FairMormon is a non-profit organization dedicated to providing well-documented answers to criticisms of the doctrine, practice, and history of The Church of Jesus Christ of Latter-day Saints.
Question: Does FairMormon provide "official" answers to questions?
(Redirected from FAIR Does Not Speak for the Church)
Question: Does FairMormon provide "official" answers to questions?
FairMormon provides information and opinions, but does not speak for the Church
FairMormon's articles, responses to "Ask the Apologist" queries, etc., contain a disclaimer to the effect that FAIR volunteers and authors are not speaking authoritatively for the Church (or even for FAIR itself) but only giving their personal opinion or perspective on each issue or question.
Why should anyone listen to FairMormon, then, if they can't speak with authority for the Church? To whom can one turn for the authorized, "final answer" on every topic?
FairMormon need not speak with the authority of the Church itself, or be an official representative of the Church, in order to provide a useful resource for people to gain a better understanding of Latter-day Saint history and teachings. Further, it is not necessarily correct for us to expect to turn to our Church leaders, particularly the general authorities, for the answer to every single question on a gospel topic.
On many issues, there is no official Church position, and so there is nothing that an official Church response will provide. In such cases, members are encouraged to use their agency to "study it out in [their] mind" as they seek knowledge and revelation from human and divine sources.
It is important to first recognize that FairMormon is an organization completely independent of the Church of Jesus Christ of Latter-day Saints. FairMormon is not owned or endorsed by the Church as an official mouthpiece, so FAIR cannot claim any official status. The FairMormon FAQ article reads:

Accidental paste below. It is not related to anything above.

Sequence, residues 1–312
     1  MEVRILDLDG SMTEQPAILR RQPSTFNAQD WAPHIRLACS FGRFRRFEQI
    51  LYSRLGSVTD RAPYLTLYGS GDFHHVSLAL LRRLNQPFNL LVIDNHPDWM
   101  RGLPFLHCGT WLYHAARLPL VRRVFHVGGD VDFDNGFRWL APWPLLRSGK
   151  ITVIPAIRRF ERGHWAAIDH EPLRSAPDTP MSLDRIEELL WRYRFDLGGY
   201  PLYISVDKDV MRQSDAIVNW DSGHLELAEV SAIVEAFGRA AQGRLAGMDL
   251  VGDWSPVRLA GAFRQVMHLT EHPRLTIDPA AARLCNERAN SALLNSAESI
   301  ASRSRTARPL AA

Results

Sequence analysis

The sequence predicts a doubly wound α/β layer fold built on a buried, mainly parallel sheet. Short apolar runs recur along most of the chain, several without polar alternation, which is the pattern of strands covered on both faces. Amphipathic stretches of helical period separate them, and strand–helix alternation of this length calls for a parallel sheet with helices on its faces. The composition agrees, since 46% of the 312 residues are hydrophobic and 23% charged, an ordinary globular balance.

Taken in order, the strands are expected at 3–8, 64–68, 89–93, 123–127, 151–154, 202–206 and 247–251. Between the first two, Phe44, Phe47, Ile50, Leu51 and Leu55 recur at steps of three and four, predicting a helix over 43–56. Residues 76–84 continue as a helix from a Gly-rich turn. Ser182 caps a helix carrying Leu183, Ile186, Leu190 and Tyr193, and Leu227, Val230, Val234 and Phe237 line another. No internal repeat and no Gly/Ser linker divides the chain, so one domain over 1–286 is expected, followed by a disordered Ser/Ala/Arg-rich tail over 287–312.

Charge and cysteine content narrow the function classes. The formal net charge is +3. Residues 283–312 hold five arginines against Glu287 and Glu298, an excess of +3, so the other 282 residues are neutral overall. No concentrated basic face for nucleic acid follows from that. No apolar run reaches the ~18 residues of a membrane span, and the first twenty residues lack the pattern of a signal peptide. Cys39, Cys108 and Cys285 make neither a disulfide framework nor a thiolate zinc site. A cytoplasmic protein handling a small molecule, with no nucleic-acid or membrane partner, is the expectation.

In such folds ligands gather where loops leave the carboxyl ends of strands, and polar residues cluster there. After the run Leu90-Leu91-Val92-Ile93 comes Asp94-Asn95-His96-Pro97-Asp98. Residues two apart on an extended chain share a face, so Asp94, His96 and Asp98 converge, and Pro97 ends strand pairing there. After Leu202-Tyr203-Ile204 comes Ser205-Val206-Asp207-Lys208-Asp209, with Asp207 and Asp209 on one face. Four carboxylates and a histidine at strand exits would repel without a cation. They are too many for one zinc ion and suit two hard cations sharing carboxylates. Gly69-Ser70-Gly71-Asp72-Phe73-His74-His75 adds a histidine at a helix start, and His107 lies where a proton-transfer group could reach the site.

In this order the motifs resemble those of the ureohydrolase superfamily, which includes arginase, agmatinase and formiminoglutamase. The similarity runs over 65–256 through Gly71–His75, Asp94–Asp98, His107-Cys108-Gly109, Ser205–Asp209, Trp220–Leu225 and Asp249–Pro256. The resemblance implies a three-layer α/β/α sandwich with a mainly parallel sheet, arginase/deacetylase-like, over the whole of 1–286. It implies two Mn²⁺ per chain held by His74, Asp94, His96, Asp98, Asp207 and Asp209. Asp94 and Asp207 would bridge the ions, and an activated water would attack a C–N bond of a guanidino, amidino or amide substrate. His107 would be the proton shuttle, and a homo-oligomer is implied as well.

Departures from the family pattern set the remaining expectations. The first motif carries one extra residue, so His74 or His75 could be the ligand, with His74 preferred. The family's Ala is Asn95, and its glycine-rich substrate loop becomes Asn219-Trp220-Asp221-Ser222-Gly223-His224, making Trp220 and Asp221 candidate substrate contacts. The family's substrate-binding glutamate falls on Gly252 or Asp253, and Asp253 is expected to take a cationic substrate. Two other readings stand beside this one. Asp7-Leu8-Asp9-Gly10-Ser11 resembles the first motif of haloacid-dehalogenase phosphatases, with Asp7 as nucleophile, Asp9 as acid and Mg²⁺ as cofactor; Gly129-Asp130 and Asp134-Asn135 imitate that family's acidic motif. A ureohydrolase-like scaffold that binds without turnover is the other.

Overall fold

We try very hard to not give the impression that we are speaking for the Church in any way. We are not affiliated with the Church. We therefore try to avoid doctrinal declarations. Most of the time it isn't an issue as we are discussing things from a historical or scholarly point of view. Occasionally we get into discussions of doctrine when we feel our beliefs as Latter-day Saints have been misrepresented. At those times the writers are speaking from their own experience and beliefs.
This seems to raise two questions in our readers' minds from time to time, which we will address separately below.
Only the Church's duly authorized agents can speak officially on behalf of the Church or give official pronouncements which establish doctrine that is binding upon the Church. However, is this necessarily a problem when considering answers coming from a group such as FairMormon?
There are many questions that people have, and there is plenty of benefit to having brothers and sisters in the faith "reason together" and learn from one another, and not expect to simply look to someone to give the one, final answer to any question. In this author's opinion, the Lord and Church leaders are wise to leave us to the exercise of working out these things and developing our mental and spiritual capacities to gain more understanding.
While the responses to issues offered by FairMormon volunteers are not official statements by the Church, we believe them to be consistent with the Church's official teachings and are given by faithful, active, believing LDS members. These responses need not carry an official endorsement to be true or helpful in answering questions.
It is important to keep in mind that speaking as an authorized representative is not the same as speaking authoritatively. FairMormon does not present itself as being authorized by the Church to speak on its behalf and declare or clarify points of doctrine and therefore is not an authorized representative of the Church. However, we do attempt to speak authoritatively by providing answers that use the most up-to-date information from LDS and non-LDS sources, and that reference the most authoritative statements from our leadership on a particular subject. As such, FairMormon attempts to speak authoritatively on matters to the best of our ability but specifically disavows any claim of speaking on behalf of the Church.
FairMormon's main mission is to answer criticisms about the Church, and we can certainly do so based on what we know, can study, and reason, as well as what the Spirit guides us to say as we prayerfully consider these issues, without necessarily receiving this as an official calling or going to the First Presidency to speak on each and every issue.